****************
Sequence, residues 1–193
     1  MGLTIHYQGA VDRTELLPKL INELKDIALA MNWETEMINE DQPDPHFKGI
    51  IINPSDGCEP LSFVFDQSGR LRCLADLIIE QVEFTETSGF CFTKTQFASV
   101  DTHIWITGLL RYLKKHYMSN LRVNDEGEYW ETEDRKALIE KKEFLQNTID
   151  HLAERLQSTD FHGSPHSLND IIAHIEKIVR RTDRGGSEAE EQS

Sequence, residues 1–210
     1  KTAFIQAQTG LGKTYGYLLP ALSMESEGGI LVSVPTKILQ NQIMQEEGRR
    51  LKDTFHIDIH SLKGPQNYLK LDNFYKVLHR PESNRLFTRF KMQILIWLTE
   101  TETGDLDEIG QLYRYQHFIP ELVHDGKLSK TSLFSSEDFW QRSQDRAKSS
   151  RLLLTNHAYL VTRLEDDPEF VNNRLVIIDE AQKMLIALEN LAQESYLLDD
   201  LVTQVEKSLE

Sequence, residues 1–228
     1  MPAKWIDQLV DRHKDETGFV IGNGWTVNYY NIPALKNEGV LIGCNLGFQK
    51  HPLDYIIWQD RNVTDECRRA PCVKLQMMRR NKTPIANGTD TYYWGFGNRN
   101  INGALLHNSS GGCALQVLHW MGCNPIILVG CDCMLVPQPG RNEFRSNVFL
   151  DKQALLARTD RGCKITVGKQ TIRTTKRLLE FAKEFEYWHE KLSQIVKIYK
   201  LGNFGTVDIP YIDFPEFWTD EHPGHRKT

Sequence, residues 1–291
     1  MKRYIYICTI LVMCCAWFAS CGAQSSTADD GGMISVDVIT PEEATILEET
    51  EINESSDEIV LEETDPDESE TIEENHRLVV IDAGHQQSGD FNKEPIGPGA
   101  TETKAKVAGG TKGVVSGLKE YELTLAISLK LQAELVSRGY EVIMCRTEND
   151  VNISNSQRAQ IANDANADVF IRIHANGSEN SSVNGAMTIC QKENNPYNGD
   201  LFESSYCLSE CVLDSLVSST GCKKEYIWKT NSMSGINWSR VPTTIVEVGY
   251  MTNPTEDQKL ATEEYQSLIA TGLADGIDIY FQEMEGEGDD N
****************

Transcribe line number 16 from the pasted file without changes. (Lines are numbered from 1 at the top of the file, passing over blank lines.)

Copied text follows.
   151  DKQALLARTD RGCKITVGKQ TIRTTKRLLE FAKEFEYWHE KLSQIVKIYK